The legacy of Persian can be seen in the new literary genres it introduced to South Asia. In the writing of history, Persian introduced the biography, memoirs, chronicles and letters. Thanks to this literature, we have a remarkably detailed picture of Indian society from the descriptions of Mughal court life, to the biographies of religious thinkers to descriptions of the musicians, artists and commoners of Delhi.
The legacy of Persian is felt in the many loan words that have entered modern Indian vernacular languages. The influence of Persian on Urdu is especially noteworthy. While the legacy of Urdu is talked about in India and Pakistan today in poetry, film and ghazals, this is no less the legacy of Persian from which Urdu inherited much of its poetic tradition.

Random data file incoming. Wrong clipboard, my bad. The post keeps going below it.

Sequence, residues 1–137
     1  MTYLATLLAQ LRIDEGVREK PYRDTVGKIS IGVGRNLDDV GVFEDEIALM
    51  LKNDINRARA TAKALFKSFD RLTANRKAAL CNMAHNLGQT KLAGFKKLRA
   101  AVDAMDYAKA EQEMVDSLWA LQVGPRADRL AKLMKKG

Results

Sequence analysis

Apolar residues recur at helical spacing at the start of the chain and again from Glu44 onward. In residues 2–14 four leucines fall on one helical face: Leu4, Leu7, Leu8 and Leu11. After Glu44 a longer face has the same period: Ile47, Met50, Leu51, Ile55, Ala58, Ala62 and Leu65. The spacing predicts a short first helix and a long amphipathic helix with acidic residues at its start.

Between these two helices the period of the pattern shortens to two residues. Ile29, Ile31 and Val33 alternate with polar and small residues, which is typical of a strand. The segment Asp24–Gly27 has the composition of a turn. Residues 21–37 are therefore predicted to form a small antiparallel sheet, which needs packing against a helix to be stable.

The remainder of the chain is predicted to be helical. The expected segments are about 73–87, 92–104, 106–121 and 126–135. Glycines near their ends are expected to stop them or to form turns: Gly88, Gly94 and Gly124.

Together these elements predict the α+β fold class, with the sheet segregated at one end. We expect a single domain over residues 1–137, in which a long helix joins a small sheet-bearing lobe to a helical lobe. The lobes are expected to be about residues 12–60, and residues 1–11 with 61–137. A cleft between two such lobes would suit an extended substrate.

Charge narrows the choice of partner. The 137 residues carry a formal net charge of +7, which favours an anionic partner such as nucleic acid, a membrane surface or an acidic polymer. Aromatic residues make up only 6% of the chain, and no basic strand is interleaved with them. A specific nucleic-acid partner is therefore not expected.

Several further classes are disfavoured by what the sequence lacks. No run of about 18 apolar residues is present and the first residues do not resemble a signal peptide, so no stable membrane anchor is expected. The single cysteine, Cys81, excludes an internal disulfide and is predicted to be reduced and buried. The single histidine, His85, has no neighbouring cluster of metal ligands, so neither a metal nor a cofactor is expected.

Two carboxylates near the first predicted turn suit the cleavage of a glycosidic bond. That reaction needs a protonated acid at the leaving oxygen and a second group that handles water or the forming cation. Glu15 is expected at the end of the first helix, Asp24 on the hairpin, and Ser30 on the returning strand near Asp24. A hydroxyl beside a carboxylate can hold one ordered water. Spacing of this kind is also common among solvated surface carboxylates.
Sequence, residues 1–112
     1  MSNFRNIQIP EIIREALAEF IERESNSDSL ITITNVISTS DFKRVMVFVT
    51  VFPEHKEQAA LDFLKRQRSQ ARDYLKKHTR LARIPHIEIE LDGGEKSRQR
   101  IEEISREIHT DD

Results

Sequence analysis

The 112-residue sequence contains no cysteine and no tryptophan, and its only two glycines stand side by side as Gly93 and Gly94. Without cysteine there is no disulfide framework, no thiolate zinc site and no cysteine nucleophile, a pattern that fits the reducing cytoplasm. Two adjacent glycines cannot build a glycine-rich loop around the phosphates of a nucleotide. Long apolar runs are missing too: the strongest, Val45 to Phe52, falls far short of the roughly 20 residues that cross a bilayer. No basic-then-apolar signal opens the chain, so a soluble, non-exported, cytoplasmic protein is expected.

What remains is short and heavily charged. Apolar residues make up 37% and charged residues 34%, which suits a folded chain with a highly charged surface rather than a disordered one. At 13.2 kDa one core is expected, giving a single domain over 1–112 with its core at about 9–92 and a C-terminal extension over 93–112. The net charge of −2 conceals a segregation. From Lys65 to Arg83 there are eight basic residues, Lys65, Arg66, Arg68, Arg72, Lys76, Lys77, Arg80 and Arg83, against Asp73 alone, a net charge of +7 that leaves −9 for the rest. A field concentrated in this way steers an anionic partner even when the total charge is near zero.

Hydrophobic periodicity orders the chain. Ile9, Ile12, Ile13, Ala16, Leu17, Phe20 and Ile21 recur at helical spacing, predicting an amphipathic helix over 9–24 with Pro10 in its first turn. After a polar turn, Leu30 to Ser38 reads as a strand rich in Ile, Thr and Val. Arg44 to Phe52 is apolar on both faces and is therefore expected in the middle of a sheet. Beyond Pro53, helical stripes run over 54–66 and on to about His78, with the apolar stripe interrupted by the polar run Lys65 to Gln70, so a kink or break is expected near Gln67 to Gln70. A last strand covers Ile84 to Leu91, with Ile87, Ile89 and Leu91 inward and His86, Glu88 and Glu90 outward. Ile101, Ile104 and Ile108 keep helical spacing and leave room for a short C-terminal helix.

The romance tradition in Punjabi and Bengali was inspired by the tradition of Persian language and culture. Persian is still sung in the qawallis of Amir Khusrau and it left its mark on Sikh religious thought and modern Islamic philosophy. Lastly, through the writings of Sufis like ‘Ali Hujwiri (Data Ganj Baksh) and Nizam ud-Din Auliya, Persian has enriched the religious and cultural life of Indians and Pakistanis in terms of love, compassion and human feeling.